We have a book exchange shelf at work where people can put books they no longer need and can take out other books in exchange. Recently I found the “Cellular Travel Guide”, a 1000+ page book published in 1993 that is about how to roam in the US with your mobile phone. A fascinating historical read that takes you back 20 years to a mobile world that hardly seems real from today’s perspective.
No, there was no Internet then in everyday live of most people, much less a mobile one. This 1000+ page book is only about making and receiving phone calls on your mobile phone when you are not in your home city. As is also explained on the AMPS (Advanced Mobile Phone System) page on Wikipedia, the US was split into hundreds of cellular ‘markets’ the size of a city. Each market had two mobile carriers, called A and B. As soon as you were out of your city, you were roaming and had to pay extra. The second image on the right shows that if you were roaming in the Chicago area, for example, roaming fees were $3 per day and 85 US cents per minute for calls. The A and B companies in Chicago in 1993 were Cellular One and Ameritech. Anyone remember them?
On goes the list of historical techno-oddities from a 2016 perspective that incoming calls were only possible if the caller knew you were roaming in Chicago. This is because there was no central register of where you were roaming. Instead, the caller had to dial an access number (see “receiving calls” section in the picture) wait for a tone and then dial the real destination number.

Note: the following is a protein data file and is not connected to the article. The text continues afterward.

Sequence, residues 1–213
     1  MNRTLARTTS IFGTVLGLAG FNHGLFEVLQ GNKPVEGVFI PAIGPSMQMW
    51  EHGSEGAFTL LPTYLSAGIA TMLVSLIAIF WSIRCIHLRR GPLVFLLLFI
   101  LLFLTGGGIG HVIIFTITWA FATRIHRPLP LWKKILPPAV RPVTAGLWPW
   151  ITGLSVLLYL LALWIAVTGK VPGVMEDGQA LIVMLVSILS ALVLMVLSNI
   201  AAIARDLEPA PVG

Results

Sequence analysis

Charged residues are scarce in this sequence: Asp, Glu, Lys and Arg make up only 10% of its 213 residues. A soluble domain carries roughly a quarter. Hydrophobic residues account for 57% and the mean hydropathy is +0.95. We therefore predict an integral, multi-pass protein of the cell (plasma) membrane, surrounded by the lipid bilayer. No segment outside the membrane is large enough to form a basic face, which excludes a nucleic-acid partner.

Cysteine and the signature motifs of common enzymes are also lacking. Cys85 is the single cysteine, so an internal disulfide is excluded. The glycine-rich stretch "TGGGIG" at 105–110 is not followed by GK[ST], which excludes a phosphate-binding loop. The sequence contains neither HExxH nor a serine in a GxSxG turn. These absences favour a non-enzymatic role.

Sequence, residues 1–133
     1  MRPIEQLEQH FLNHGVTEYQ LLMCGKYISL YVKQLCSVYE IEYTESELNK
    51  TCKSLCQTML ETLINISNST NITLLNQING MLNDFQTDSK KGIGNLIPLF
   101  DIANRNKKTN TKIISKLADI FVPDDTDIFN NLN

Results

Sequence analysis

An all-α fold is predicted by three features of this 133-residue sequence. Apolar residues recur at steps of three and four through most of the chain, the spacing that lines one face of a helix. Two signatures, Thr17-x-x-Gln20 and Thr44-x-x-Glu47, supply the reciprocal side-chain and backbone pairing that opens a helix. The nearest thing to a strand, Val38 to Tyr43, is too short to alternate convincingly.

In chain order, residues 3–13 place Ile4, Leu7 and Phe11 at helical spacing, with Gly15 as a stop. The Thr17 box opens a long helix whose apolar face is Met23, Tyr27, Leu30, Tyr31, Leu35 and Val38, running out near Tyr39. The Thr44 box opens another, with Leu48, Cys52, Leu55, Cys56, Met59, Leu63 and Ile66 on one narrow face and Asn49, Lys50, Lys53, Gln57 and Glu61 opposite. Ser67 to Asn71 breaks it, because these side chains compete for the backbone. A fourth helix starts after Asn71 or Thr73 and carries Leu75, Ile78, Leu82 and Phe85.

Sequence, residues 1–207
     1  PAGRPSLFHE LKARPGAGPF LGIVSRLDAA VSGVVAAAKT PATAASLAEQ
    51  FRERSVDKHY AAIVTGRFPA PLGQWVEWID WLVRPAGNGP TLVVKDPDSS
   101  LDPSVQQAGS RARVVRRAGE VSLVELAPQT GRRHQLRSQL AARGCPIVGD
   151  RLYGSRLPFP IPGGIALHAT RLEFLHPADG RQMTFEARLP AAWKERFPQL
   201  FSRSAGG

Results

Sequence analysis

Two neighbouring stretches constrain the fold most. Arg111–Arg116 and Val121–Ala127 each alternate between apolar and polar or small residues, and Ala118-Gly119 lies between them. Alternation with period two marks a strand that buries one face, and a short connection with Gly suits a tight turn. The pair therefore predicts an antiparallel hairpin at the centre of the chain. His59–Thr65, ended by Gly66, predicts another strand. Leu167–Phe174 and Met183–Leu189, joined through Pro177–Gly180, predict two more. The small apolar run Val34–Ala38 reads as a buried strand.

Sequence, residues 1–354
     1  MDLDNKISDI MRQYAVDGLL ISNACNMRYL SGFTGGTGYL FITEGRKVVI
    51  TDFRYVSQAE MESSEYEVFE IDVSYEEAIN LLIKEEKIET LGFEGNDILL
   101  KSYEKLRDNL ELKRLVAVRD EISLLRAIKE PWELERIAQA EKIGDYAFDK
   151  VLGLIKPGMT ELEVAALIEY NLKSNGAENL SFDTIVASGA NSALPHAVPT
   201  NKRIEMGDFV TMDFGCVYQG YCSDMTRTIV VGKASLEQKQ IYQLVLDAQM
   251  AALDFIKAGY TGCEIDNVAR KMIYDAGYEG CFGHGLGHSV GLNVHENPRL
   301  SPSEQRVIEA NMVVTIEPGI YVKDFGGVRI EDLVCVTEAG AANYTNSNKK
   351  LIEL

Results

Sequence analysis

So if you were from Rochester, could you actually roam in Chicago? Page 1044 of the book gives the answer, all roaming partners of “Rochester Telephone Mobile Communications” are listed there.
So how did network A and network B work when roaming? Page 1158 of the book gives us the answer: The phone typically selected A or B depending whether your home city network operator was operator A and B. But the user could also manually change from A to B and vice versa on his phone. Manual network selection in the early days.
And some good advice at the end about privacy:
Hm, still good advice in 2016, but the scrambler can be done in software today. And that’s only been 20 years ago, quite hard to believe…